Manure Phosphorus and Surface Water Protection IV: Assessment of the Risk of Agricultural P Delivery
Phosphorus Indexes for P Loss
Tools for the assessment of the risk of P loss from a field generally consider source (site and management) and transport factors that contribute to P loss (Table 1). Assessment tools are often in the form of P indexes, some of which are computerized for quicker calculation. The P indexes are used for planning and teaching. The indexes can be used to understand the causes of risk and in assessing the effects of alternative management practices on the risk of P loss in runoff. Increasingly, P indexes are used in the regulation of land application of P. Risk assessment can be done on a whole field basis or by management zones within fields. A major part of P entering surface waters is lost from a relatively small part of the land area of the field or watershed, implying a need for management by zones within fields.
Phosphorus indexes have been greatly improved since the concept for risk assessment of P loss form agricultural land was introduced by Lemunyon and Gilbert (1993). The early P indexes estimated the risk of P loss as the total of scores given to the various site/management and transport factors--that is, the effects of various source and transport factors were considered additive. As understanding of P loss improved, the importance of the interaction of site/management factors with transport factors was realized, and multiplicative versions replaced the earlier additive version. With multiplicative versions, risk is assessed as the product of the sum of source (site/management) factors with the sum of the transport factors. Some P indexes attempt to estimate actual P loss.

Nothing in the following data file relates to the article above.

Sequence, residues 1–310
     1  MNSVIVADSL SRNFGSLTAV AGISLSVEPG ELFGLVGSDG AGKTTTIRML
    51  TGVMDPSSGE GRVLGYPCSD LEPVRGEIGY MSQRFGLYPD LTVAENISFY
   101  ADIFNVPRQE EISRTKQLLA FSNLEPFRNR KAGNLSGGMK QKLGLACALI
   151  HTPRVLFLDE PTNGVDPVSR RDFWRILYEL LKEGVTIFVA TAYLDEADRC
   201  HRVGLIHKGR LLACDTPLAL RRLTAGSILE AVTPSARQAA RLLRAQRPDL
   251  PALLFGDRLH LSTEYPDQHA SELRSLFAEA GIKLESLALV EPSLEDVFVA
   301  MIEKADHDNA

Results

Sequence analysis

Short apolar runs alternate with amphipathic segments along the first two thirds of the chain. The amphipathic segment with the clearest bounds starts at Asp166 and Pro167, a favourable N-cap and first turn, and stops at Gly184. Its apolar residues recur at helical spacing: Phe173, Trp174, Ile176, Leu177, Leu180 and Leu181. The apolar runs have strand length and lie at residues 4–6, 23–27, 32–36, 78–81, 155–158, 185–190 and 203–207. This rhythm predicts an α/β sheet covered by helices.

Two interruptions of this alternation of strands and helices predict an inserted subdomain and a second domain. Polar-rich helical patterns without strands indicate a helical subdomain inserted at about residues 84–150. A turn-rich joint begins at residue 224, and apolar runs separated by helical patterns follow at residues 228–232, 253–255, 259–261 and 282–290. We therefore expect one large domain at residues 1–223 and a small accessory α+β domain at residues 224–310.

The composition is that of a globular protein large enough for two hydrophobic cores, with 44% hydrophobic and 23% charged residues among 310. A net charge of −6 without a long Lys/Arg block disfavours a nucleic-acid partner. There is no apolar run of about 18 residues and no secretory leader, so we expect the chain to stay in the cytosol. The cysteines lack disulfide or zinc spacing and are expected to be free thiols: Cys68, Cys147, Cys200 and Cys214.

In a recent comparison of five P indexes across a range of scenarios, it was found that there is much discrepancy in the importance given to different factors in the assessment of the potential for P loss. Some P indexes need to be updated with more careful consideration given to research results published in recent years. Some P indexes give inadequate weight to erosion, while others appear to give too much weight to P application and soil test P. In one study conducted in Nebraska, the variation in erosion and runoff volume, respectively, accounted for 78% and 10% of the variation in total P loss. In contrast, soil test P, applied P, source P, and tillage accounted for very little and nonsignificant variation in total P loss. The factors accounted for less of the variation in dissolved P loss; runoff and tillage method accounted for 12% and 20% of the variation in dissolved P lost, while the relationships of dissolved P loss with other factors were not significant.
For further study of the above P index concepts, two P indexes are briefly introduced here. The Nebraska 1998 P Index is an additive index representative of earlier P indexes. The Iowa P Index (Iowa NRCS, 2004) uses a multiplicative approach to combine source and transport factors within three components based on three major P transport mechanisms: erosion, runoff and subsurface drainage.
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